- By Levi Rickert
TAUNTON, Mass. — In the midst of dealing with the COVID-19 pandemic’s impact on his tribe, Mashpee Wampanoag Tribe Chairman Cedric Cromwell says he was informed late Friday afternoon by the Bureau of Indian Affairs (BIA), on orders of the Secretary of the U.S. Department of the Interior David Bernhardt, that the tribe’s “reservation be disestablished.”
“At 4:00 pm today -- on the very day that the United States has reached a record 100,000 confirmed cases of the coronavirus and our Tribe is desperately struggling with responding to this devastating pandemic -- the Bureau of Indian Affairs informed me that the Secretary of the Interior has ordered that our reservation be disestablished and that our land be taken out of trust. Not since the termination era of the mid-twentieth century has a Secretary taken action to disestablish a reservation,” Cromwell writes in a statement that was posted online Friday evening.
The order would take the 321 acres of land that was put into trust during the Obama administration in September 2015 out of trust land status. The Obama decision was reversed by the Trump administration three years later in September 2018.
Since the September 2018 Interior ruling, the tribe has been involved in two separate lawsuits to resolve the issue. Late last month, the First Circuit Court in Boston ruled against the tribe in its battle to get land the tribe owns back in trust. Another case in Washington, D.C. federal court is still pending.
Mashpee Chairman Cedric Cromwell testfying on Tuesday, July 24, 2018
“The Secretary is under no court order to take our land out of trust. He is fully aware that litigation to uphold our status as a tribe eligible for the benefits of the Indian Reorganization Act is ongoing,” Cromwell said in his statement.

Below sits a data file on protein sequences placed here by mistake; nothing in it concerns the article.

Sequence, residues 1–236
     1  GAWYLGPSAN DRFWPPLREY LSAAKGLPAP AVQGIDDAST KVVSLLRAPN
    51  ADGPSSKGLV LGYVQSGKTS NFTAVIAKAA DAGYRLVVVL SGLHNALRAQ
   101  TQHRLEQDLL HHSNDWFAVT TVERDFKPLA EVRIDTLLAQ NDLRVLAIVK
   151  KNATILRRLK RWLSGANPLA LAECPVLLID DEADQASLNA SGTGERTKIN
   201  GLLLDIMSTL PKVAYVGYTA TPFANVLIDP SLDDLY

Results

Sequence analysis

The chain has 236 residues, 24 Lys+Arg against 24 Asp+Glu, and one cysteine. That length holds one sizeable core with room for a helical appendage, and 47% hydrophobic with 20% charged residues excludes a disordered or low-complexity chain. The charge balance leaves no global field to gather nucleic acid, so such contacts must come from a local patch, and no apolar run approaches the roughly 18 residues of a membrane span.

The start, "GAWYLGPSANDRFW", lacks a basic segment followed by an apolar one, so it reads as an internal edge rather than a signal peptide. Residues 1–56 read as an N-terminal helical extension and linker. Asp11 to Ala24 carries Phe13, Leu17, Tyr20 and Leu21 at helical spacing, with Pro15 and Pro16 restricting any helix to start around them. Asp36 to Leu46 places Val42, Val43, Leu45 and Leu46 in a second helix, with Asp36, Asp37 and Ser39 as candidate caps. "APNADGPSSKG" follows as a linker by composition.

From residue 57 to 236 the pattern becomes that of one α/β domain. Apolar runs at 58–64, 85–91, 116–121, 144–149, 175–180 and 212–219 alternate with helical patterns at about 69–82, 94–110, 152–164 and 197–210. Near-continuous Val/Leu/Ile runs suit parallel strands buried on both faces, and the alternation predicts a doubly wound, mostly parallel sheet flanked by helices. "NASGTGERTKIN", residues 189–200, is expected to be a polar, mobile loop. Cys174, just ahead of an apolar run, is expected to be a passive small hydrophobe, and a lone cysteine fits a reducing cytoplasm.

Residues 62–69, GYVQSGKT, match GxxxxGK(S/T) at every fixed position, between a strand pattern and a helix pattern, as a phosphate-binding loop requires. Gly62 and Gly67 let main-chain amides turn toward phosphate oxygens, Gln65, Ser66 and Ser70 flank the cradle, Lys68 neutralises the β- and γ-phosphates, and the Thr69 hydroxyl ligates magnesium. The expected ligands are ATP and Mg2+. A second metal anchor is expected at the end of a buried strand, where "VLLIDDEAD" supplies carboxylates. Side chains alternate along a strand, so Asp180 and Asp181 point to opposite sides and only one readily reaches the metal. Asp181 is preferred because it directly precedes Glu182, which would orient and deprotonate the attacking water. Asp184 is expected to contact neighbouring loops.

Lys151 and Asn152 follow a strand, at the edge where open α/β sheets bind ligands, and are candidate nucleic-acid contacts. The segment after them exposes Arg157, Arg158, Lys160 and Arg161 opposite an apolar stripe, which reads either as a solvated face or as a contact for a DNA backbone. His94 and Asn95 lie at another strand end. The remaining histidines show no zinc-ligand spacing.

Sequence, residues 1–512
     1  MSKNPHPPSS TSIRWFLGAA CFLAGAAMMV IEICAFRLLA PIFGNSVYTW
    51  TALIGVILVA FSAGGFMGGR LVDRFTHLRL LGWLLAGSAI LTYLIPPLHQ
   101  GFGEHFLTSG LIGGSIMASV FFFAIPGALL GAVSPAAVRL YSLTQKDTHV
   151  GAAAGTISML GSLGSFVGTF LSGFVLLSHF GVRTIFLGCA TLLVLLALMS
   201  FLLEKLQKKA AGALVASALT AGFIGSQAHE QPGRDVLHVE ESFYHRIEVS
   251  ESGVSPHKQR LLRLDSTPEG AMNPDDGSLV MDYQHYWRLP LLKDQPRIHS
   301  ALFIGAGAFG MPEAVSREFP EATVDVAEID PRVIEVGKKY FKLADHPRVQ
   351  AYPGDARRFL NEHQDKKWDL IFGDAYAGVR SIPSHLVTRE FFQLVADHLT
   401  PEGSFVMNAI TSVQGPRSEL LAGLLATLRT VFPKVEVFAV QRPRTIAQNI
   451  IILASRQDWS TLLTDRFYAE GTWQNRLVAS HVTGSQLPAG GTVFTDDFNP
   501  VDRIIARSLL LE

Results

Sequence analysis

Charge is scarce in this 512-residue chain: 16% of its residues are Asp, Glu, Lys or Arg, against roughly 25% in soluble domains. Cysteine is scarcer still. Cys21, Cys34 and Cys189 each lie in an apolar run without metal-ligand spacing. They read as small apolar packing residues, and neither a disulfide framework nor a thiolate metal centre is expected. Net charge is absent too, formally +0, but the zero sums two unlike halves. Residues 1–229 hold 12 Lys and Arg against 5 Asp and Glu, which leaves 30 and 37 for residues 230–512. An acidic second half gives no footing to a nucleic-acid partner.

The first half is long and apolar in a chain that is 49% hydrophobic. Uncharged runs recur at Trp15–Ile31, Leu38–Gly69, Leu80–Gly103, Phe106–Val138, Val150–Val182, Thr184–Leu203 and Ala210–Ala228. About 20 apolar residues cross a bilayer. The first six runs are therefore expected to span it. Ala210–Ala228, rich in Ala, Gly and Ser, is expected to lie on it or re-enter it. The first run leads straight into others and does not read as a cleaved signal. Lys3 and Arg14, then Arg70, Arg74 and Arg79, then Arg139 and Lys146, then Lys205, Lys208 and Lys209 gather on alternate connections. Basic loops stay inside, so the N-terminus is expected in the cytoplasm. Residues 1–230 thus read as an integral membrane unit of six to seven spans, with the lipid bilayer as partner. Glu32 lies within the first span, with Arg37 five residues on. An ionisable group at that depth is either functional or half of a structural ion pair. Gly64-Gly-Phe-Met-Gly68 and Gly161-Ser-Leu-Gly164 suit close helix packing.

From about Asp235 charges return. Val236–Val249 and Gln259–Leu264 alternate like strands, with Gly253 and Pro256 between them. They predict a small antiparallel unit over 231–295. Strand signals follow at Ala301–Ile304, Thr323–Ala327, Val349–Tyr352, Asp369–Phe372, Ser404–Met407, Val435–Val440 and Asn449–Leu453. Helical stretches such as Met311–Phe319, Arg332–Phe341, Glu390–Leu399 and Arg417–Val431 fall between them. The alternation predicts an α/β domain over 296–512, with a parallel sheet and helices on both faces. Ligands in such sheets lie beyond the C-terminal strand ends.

Cromwell further asked in his statement, “it begs the question, what is driving our federal trustee's crusade against our reservation?”
The Mashpee Wampanoag Tribe remains a federally recognized Tribe.
In response to an inquiry to the Department of the Interior from Native News Online via an email on Saturday, Connor Swanson, a Interior Department spokesperson, sent this response:
"In Fall 2015, Interior issued a decision approving a trust acquisition for the Tribe. Subsequently, both a federal district court and a federal circuit court panel comprised of former Supreme Court Justice David Souter, former Chief Judge Sandra Lynch, and Senior Judge Kermit Lipez, found there to be no statutory authority for this decision. The Tribe did not petition for a panel rehearing or a rehearing en banc.
On March 19th, the court of appeals issued its mandate, which requires Interior to rescind its earlier decision."
Independent presidential candidate Mark Charles (Navajo) said about he order on Saturday evening:
"When one President (Obama) grants a Native nation rights to lands and the next President (Trump) "disestablishes" those same rights, that is the Doctrine of Discovery at play. And the USA lacks the authority to do either. You CANNOT discover lands already inhabited."
This is a developing story. Native News Online will provide more information when it becomes available.
It's December 2020, can you help...
We’re asking our readers for a little help as 2020 draws to a close. If you can afford it, we hope you’ll consider a one-time donation of $5 or more to help fund our Indigenous-led coverage of important news throughout Indian Country. Covering the news hasn’t been easy this year, but we believe it’s been critically important given the changes and upheaval we’ve experienced — from COVID-19 and the 2020 Census, to issues of racial equity, efforts to suppress the Native vote, and far too many stories of Murdered and Missing Indigenous Women and Girls.
Because we believe everyone in Indian Country deserves equal access to news and commentary pertaining to them, their relatives and their communities, the story you’ve just finished was free — and we want to keep it that way, for all readers. But we hope it inspires you to make a gift to Native News Online so that we can continue publishing more stories that make a difference to Native people, whether they live on or off the reservation. Your donation will help us keep producing quality journalism and elevating Indigenous voices. Any contribution of any amount, big or small, gives us a better, stronger future and allows us to remain a force for change. Donate to Native News Online today and support independent Indigenous journalism. Thank you.